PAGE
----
We are interested in understanding the mechanisms governing the homeostasis of the cellular proteome (proteostasis). Protein structures are highly complex and dynamic, and several stresses can compromise their integrity. Therefore, cells are equipped with an intricate and adaptive network of factors ensuring protein synthesis, folding, trafficking, conformational maintenance, and degradation. Importantly, misfolded proteins are not only dysfunctional, but they can also coalesce into potentially toxic aggregates. These represent a hallmark of many aging-associated neurodegenerative disorders, such as Parkinson’s and Alzheimer’s diseases. Our aims are to understand how protein quality control pathways distinguish defective from functional proteins, how the decision between repair and elimination is made, and how these processes are activated under stress and pathological conditions.
Proteins represent the functional units of the cell. To perform a task, they must adopt specific three-dimensional structures, or folds. Folding requires proteins to navigate a complex energy landscape, putting them at risk of adopting non-native structures. Moreover, a myriad of cellular stresses ensued by environmental, metabolic, and pathogenic conditions can promote unfolding and aggregation of metastable proteins. Correct folding is ensured by different classes of chaperone proteins that guide clients along productive folding pathways. When such system fails, terminally misfolded proteins must be rapidly eliminated in order to prevent formation of toxic aggregates, a task that is carried out by a large number of factors belonging to the ubiquitin-proteasome and autophagy–lysosome systems. Importantly, protein quality control effectors are also involved in further aspects of proteome balance, such as regulation of protein abundance, subcellular localization, and assembly into macromolecular complexes. Our research group aims at understanding how protein quality control pathways can shape cell physiology, and how its factors can achieve client specificity given the enormous heterogenicity of the proteome.
Production of functional proteins also requires the correct flow of information from DNA into RNA and finally into protein. The underlying processes – DNA duplication, transcription, RNA maturation, and translation all involve intrinsic levels of error, and therefore are under scrutiny of proof-reading quality control pathways. In recent years it became evident that translation plays a fundamental role in the detection of defective mRNAs. For example, translation of mRNA species lacking stop codons results in ribosomal stalling, which serves as signal for the recruitment of both the non-stop mRNA decay (NSD) and the ribosome-associated protein quality control (RQC) pathways. Translation of defective non-stop mRNAs results in truncated proteins that are likely to be dysfunctional. The RQC pathway ensures that those aberrant species are committed to degradation, avoiding possible dominant negative effects of proteins lacking functional domains, and avoiding unnecessary burden to the post-ribosomal protein folding machinery. We have described that the RQC quality control pathway is unique in that degradation is largely independent of the folding state of its client proteins, which has important implications for the role of RQC in the production of antigenic peptides (Figure 1).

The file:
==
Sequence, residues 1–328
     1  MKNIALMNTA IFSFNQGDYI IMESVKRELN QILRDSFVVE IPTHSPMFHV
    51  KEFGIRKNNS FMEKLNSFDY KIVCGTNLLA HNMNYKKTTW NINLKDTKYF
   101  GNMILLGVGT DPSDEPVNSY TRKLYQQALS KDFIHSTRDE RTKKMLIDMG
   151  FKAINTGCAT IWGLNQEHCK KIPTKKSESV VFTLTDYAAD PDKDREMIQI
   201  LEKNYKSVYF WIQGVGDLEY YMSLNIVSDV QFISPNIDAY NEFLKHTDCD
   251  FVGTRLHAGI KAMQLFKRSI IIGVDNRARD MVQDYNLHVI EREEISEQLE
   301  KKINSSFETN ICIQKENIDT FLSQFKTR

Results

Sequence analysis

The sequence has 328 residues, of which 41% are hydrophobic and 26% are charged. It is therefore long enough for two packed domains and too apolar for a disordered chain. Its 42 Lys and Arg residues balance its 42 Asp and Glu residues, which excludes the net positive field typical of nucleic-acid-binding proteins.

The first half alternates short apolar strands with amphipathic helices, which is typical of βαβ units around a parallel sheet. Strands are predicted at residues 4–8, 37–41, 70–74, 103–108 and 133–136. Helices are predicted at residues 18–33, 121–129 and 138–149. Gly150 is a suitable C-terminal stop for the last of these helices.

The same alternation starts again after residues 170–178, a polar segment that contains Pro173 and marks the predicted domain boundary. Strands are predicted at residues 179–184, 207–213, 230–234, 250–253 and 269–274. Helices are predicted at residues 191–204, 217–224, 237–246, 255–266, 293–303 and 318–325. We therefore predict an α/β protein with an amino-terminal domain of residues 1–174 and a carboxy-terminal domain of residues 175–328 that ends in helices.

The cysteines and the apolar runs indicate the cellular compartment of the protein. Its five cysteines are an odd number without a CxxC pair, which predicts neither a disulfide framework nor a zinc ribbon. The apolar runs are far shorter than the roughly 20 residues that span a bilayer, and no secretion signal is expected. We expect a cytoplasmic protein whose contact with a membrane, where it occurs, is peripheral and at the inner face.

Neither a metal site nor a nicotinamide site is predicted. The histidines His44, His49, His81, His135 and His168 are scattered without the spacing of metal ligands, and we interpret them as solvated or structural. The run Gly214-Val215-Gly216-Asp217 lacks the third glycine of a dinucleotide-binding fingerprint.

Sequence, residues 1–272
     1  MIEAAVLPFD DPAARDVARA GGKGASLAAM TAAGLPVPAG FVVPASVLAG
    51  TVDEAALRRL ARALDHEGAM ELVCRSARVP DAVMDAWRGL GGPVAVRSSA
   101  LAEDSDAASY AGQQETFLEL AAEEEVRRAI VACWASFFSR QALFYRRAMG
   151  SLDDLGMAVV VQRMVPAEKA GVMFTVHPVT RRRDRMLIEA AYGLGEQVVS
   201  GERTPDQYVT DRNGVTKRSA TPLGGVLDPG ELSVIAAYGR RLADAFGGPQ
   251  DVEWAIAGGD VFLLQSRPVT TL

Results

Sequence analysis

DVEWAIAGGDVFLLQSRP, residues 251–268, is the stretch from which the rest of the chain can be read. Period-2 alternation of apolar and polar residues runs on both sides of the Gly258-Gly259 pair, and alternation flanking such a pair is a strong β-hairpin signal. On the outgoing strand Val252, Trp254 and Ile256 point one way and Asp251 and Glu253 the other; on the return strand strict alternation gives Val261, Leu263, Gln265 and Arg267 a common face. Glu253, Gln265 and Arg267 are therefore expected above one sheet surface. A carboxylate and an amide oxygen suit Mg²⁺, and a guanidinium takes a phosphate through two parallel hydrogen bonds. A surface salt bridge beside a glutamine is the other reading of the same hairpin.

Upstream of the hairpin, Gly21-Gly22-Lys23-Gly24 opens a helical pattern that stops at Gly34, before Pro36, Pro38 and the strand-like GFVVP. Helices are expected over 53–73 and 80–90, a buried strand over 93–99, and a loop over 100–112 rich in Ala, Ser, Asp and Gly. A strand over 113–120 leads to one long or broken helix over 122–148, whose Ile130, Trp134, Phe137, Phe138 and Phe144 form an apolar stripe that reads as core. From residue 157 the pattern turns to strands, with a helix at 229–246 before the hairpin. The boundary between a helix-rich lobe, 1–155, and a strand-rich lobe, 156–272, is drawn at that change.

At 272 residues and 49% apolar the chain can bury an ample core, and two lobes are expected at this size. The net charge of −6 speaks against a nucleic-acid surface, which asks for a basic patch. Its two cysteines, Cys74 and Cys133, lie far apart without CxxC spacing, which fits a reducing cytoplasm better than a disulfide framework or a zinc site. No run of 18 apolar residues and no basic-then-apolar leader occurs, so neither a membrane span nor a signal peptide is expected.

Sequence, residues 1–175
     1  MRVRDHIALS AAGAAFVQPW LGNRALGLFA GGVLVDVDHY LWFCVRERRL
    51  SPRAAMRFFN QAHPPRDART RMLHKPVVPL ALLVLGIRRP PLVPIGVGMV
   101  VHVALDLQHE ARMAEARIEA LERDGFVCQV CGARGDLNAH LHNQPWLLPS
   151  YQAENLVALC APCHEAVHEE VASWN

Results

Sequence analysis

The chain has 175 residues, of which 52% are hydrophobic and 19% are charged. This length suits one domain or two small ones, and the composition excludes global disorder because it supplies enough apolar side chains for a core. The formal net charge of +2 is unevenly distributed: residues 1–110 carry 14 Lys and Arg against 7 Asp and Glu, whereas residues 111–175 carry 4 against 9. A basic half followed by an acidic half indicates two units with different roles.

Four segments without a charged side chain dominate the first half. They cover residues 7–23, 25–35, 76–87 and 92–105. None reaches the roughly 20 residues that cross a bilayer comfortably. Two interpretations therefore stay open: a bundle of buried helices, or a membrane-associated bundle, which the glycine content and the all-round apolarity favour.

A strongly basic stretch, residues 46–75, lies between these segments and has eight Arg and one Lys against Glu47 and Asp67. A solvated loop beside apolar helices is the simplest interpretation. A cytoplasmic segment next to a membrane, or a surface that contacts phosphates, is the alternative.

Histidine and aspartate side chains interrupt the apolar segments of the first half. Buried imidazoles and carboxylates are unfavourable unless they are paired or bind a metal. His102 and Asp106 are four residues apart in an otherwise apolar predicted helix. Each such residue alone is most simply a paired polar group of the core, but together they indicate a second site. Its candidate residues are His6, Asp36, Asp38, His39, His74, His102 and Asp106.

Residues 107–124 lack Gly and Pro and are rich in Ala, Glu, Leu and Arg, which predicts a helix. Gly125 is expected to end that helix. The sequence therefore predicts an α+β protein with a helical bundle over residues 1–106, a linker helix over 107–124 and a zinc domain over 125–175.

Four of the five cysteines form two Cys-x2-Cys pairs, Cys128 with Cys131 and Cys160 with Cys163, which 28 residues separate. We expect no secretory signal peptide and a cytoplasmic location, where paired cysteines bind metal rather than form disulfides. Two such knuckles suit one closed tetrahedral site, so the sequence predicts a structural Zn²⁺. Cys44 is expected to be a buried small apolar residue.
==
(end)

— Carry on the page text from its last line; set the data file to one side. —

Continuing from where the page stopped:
A mouse model harboring a hypomorphic mutation in LTN1, encoding for the Listerin E3 ligase responsible for the ubiquitination of the stalled nascent chains, exhibits profound early-onset and progressive neurological and motor dysfunction. In yeast, failure of the RQC machinery can result in protein aggregation and disruption of the proteostasis network. Major progress has been made towards understanding the mechanistic features of RQC components, and why its clients tend to aggregate upon RQC failure. Although studies using synthetic constructs have described a variety of potential triggers for ribosomal stalling, the endogenous sources of elongation stalls underlying the neurodegenerative phenotype remain to be fully characterized. Our future goals include understanding how stalling-inducing defective mRNAs are produced, and how stress conditions can influence their formation.
Using MHC-I antigen presentation as a proxy for proteasomal degradation, we have obtained a dataset of endogenous substrates of RQC in human cells grown under physiological conditions. The analysis confirmed the previous notion that erroneous cleavage and polyadenylation of mRNAs within the coding sequence is an important trigger of RQC in vivo. Surprisingly, however, the analysis also showed that proteins containing large numbers of transmembrane domains (TMDs) have higher tendencies to be degraded by RQC. Therefore, in the future we will investigate the relationship between ribosomal elongation and co-translational insertion of proteins into membranes.